There are whispers that writer-director Carolina Cavalli’s debut feature Amanda is one of the sneak-bests of this year’s Venice Film Festival lineup. Having already made waves with her award-winning RAI show Mi hanno sputato nel milkshake, as well as her work as a writer on the Netflix series Zero, this first feature-length is an exciting milestone, telling the story of a lonely and eccentric 24 year-old who attempts to reconnect with a childhood friend.

A few days after wrapping up her interview with Luke Georgiades, Carolina circled back with unfinished business regarding a previous question of favourite childhood icons and characters, penning an essay that addresses the controversy of misunderstood Southern folk-hero Rosso Malpelo (translated: evil redhead) by Giovanni Verga. Here is what she had to say…

Rosso Malpelo
Antonia Ciurca as Rosso Malpelo in the 2007 film adaptation dir. Pasquale Scimeca

I gave the wrong answer to one of the questions. My answer was about E.T., but the question was actually about Rosso Malpelo. This is a problem because E.T. looks to the moon and is protected by many people, while Rosso Malpelo only sees the darkness of the red-sand pit where he works all day—so much so that his eyes become like those of a cat—and he isn’t loved by anyone. And me, when asked, I’ve forgotten to talk about this child whose name even his mother (who is an asshole) can’t remember anymore. Everybody calls him Malpelo [which means “evil-haired”]. And his father, the only person who’s ever stroked his hair, is called ‘Dummy’ by the other workers in the pit because, to earn some extra coin for his family (his asshole of a wife and his asshole of a daughter), he would do anything. Eventually, his father dies in the pit, buried alive while working a job he was doing as piecework. Trying to save him, even though there was no hope anymore, Malpelo digs alone to the point of tearing up his hands and breaking his fingernails, while other workers are making fun of him.

Malpelo is beaten every day, they blame him even when he’s innocent, just for fun, just so they can beat him up and leave him without food. Even the narrator of the story is abusive when talking about him. But Malpelo never complains, he never reacts, maybe from defiant pride, maybe from desperate resignation. One day, a new kid comes to work at the pit, a child who hobbles due to a broken thigh-bone: they make fun of him too and call him Frog. Frog likes to look at the stars, but Malpelo tells him he needs to cut his teeth instead of looking at the stars, and get used to the beatings. That’s why Malpelo is violent with Frog sometimes (also because he’s learned to be violent against the weak), but then he always shares his bread with Frog and takes care of the most strenuous labour in his place, and when he realises Frog is dying of tuberculosis, Malpelo spends all that he can to buy him wine and a hot soup. When seeing Frog’s mother so desperate because of her son’s condition, Malpelo feels confused: it’s not like Frog was bringing home any good money. In his mind, he tries to justify the comparison with his own mother, telling himself that Frog had always been treated as the sickly child he was, while he, Malpelo, had always been tough.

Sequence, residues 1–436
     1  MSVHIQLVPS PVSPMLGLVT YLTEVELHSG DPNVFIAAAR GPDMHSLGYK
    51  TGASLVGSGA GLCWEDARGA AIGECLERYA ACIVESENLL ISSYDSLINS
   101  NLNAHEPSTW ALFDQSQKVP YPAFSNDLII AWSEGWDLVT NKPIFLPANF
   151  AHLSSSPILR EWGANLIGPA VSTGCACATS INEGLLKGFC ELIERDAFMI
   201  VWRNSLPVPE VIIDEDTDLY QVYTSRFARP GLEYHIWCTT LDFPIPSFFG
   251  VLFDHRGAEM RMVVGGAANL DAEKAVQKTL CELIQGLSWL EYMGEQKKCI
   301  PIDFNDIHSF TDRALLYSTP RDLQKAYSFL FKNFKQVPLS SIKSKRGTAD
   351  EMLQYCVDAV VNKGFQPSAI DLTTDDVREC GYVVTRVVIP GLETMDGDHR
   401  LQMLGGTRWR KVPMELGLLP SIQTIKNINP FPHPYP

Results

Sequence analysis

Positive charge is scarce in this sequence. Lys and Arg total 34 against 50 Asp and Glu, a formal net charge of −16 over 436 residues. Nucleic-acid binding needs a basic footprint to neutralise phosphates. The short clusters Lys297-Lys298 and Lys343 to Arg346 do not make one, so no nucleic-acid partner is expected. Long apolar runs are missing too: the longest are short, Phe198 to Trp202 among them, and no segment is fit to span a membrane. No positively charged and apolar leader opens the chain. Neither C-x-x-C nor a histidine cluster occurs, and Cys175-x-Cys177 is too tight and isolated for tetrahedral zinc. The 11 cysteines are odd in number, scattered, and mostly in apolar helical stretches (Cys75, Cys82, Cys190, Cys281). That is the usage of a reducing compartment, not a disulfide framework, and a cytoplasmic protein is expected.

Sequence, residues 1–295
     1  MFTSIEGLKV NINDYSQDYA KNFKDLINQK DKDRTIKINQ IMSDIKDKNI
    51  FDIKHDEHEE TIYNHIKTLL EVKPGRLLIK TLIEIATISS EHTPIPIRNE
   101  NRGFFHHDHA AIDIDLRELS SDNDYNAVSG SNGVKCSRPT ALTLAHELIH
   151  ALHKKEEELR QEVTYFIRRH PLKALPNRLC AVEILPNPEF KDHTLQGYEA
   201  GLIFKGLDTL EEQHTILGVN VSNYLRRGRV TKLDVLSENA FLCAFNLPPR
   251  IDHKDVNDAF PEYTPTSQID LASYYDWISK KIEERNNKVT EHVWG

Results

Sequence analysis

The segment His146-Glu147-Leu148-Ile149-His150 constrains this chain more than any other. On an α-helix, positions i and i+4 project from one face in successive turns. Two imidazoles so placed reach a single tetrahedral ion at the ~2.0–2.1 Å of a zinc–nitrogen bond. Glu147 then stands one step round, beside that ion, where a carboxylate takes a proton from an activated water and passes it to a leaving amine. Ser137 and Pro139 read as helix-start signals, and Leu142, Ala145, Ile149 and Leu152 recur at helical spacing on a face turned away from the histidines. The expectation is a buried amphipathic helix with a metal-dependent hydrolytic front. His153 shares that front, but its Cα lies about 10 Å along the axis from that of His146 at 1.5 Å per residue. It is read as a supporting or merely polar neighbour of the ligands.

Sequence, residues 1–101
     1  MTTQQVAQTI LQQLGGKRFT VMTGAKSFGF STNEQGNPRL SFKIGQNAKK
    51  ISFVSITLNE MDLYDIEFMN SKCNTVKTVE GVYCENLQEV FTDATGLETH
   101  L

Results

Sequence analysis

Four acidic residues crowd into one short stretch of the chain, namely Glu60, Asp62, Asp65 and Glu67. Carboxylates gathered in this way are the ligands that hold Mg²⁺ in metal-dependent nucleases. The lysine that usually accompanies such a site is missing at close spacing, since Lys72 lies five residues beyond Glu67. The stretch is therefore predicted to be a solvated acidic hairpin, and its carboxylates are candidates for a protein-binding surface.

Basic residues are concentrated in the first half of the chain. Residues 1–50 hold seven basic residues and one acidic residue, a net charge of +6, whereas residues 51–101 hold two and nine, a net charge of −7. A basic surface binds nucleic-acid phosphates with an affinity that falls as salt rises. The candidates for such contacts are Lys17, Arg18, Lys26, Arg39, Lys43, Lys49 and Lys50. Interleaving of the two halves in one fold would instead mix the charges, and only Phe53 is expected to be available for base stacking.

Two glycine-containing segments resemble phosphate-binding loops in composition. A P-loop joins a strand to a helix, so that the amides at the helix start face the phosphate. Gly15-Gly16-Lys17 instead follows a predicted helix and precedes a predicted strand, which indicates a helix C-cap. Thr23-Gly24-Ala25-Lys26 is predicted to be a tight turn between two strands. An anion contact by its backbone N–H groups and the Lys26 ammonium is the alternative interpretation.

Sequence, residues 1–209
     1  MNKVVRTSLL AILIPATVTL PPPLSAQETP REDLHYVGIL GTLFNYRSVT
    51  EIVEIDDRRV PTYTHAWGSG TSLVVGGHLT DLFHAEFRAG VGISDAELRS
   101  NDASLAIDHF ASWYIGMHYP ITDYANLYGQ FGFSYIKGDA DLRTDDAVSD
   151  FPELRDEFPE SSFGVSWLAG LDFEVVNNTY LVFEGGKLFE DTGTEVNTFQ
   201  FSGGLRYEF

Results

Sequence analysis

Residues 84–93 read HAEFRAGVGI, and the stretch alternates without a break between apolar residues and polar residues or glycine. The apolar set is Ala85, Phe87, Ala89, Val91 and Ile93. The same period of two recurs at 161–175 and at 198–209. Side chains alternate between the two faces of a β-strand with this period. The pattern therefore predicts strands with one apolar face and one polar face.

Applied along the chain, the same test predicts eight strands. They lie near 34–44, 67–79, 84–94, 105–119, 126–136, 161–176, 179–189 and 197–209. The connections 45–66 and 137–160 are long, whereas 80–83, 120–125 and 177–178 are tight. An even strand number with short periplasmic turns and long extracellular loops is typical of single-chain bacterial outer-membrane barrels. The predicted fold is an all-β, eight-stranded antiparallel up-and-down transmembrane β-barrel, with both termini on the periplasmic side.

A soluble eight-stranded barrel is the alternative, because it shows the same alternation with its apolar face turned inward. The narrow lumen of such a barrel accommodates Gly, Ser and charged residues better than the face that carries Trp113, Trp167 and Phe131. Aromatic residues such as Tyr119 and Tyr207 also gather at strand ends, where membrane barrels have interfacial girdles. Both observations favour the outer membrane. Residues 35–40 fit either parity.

Shortly after Frog’s death, something strange happens in the novella: a new character comes to work briefly at the pit, an escaped convict who has nothing to do with the rest of the story but through whose appearance Malpelo discovers the existence of prison, a place where he would belong according to the other workers, since he is bad, ignoble, evil-haired. For me, to be honest, this piece of information should help the reader imagine a different end of the novella, which is otherwise always interpreted, from middle school on, to mean Malpelo’s death. This information, namely that Malpelo finally learns there is a place on Earth in which he belongs, is a bit underestimated.

Carolina Cavalli
Carolina Cavalli (Right) On Set

Shortly after, the narrator, who is superstitious and biased, abruptly closes the tale saying that Malpelo left his bones in the pit, and he perhaps became a ghost, stuck underground. Up to this point, we’ve considered the narrator unreliable, but suddenly we decide to trust him on the fact that Malpelo dies. They found the remains of his father, but never Malpelo’s bones. Nor his clothes. Nor his axe. Nothing. Why not, then?

Let’s go with that: maybe he is dead. But more likely Malpelo found the secret passage used by the escaped convict, managed to sneak inside the prison and, having cut his own teeth at the pit and having red hair, he became well respected and made good friends—Malpelo’s gang. When the guards found out he shouldn’t have been inside, unfortunately he was released. He didn’t know where to go since those two assholes of a mother and sister disappeared a long time ago, so he went to visit Frog’s mother, who recognized and welcomed him. And together, sometimes, they look up at the stars. One of them is Frog, his best friend.